What to Expect When You’re Expecting a Biometric Class Action: Settlements
Biometric class actions have proliferated in recent years — and with more states eyeing comprehensive data privacy legislation, companies that use biometric data should plan for the surge to grow.
With rare exceptions, these cases end either in settlement or via a successful dispositive motion. In this post, we will discuss some of the trends we have observed from reviewing 15 settlements of class actions brought under Illinois’s Biometric Information Privacy Act (BIPA), 740 Ill. Comp. Stat. Ann. 40 et seq. (Illinois is currently the only state that authorizes a private right of action for violation of biometric information privacy laws). Part II will examine some successful (and unsuccessful) dispositive motions filed by companies facing BIPA claims.
Highlights of BIPA Settlements:
Average recovery of $440 per class member
Class sizes vary widely from 724 members to 15.37 million members
Slightly over half of the settlements feature injunctive relief
Majority of settlements utilized a claims process
Almost no settlements allowed unclaimed funds to revert to the defendant
The Big Question: How Much Money Are Companies Paying?
Damages in BIPA class actions add up quickly because the statute authorizes a penalty for each violation in the amount of $1,000 (for negligent violations) or $5,000 (for intentional violations), as well as attorneys’ fees and costs (740 Ill. Comp. Stat. Ann. 14/20). The availability of large statutory damages, plus the headlines about Facebook’s payment of $650 million to settle users’ claims that its facial recognition technology violated BIPA, is enough to make any user of biometric data nervous (see In re Facebook Biometric Info. Privacy Litig., No. 3:15-cv-03747 (N.D. Cal.)). But even though the gross amount of Facebook’s $650 million settlement should inspire some caution, it only tells part of the story. The other critical piece of information is the class size because this number will give much better information about the value of each class member’s claim. The Facebook class included about 15.37 million class members. The parties estimated that each class member stood to recover a maximum of $342.
Thus, while headlines emphasize the total amount of the Facebook settlement, the per-class-member recovery in that settlement is lower than the average recovery of around $440 per class member. Though this is the average, we observed a fairly large range of potential recoveries, from just $21 per class member in Phillips v. BioLife Plasma, LLC, No. 2020 CH 05758 (Ill. Cir. Ct.) (though this was for one of two subclasses; the members of the other subclass each received an estimated $205) to $1,000 per class member in Wickens v. Thyssenkrupp Crankshaft Co., LLC, No. 1:19-cv-06100 (N.D. Ill.). A pattern emerges: on average, individual class members recovered more in smaller classes. For instance, in Wickens, there were only about 724 class members, far fewer than the roughly 15 million members in the Facebook class. One caution: Facebook may be an outlier in terms of size; the next largest class had roughly 1.11 million members (see Rosenbach v. Six Flags Entm’t Corp., No. 16 CH 13 (Ill. Cir. Ct.)).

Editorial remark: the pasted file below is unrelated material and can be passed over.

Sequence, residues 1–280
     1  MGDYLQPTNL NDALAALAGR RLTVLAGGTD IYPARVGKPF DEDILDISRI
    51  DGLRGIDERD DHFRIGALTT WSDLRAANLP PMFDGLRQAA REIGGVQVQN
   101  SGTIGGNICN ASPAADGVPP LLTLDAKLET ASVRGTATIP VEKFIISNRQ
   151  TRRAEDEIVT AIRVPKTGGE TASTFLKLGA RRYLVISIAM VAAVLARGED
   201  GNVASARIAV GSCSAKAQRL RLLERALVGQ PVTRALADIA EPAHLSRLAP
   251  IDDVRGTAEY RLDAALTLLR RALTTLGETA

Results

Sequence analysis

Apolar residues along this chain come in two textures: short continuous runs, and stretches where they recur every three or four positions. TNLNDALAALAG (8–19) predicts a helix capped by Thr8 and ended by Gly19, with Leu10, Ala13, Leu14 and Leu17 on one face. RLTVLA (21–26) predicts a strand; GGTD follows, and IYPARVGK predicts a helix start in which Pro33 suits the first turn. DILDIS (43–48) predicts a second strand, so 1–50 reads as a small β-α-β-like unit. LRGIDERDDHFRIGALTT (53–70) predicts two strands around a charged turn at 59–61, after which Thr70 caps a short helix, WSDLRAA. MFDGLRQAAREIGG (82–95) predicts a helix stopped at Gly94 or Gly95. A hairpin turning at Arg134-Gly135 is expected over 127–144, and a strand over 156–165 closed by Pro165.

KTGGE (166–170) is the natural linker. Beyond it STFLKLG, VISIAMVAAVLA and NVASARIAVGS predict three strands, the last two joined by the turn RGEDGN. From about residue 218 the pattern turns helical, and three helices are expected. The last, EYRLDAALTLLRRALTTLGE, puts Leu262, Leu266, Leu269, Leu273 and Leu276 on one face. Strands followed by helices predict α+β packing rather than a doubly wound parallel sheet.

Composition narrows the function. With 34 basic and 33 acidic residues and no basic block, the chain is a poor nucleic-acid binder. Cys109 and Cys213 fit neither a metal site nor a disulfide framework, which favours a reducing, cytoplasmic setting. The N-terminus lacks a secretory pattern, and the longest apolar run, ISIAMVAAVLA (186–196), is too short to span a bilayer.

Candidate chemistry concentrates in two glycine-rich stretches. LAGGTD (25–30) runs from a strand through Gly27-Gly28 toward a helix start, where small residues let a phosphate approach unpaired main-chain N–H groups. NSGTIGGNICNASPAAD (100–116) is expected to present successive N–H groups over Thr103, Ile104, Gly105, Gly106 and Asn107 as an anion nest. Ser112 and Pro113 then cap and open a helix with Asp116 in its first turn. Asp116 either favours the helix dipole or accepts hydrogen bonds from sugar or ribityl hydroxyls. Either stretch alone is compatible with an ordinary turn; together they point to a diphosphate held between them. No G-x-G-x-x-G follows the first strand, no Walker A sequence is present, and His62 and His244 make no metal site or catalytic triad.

Despite the variability in class sizes and recovery, attorneys’ fees constituted between 33% and 35% of the settlement fund in all cases but the Facebook class action (in which the court found that one-third of the $650 million fund was excessive and instead awarded $97.5 million). The fact that fee awards consistently amount to around one-third of the settlement fund suggests that attorneys’ fees may have been a driving factor in the cases with smaller class sizes but higher individual class member recoveries.
Finally, most of the settlements structured payment in similar ways. Twelve of the 15 settlements instituted a claims process for at least certain categories of class members, and 13 of the settlement funds were non-reversionary, which means all unclaimed settlement funds were either paid to a cy pres recipient or distributed to the class members who previously submitted claim forms. Further, all but one of these settlements required the defendant to pay the full amount of the settlement fund, rather than permitting the defendant to fund the settlement in phases and fund the next phase only if claims exceeded the amount of the prior phase. The Six Flags settlement did allow for a phased funding approach, but the settlement agreement noted that this approach was due to the severe economic hit Six Flags took during COVID-19. Thus, companies settling a BIPA class action should generally expect to pay the entire amount of the settlement fund, either to class members or to a cy pres recipient.
What Other Relief Is Included in the Settlements?
All of the settlements in our sample included monetary relief, but nine of the 15 settlements also contained prospective injunctive relief. The prospective relief in each settlement agreement looked similar, with defendants agreeing to (1) make improved disclosures regarding the collection and use of biometric data; (2) draft and provide written policies on the collection and retention procedures for biometric data; (3) obtain a written release to collect individuals’ biometric data; and (4) destroy biometric data in accordance with applicable law. The presence of prospective relief in a settlement agreement did not appear to have a significant impact on the monetary amount of the settlement — in other words, the presence of injunctive relief did not correlate with low recoveries per class member.
A future post will analyze some successful dispositive motions in BIPA cases to identify trends and emerging defenses.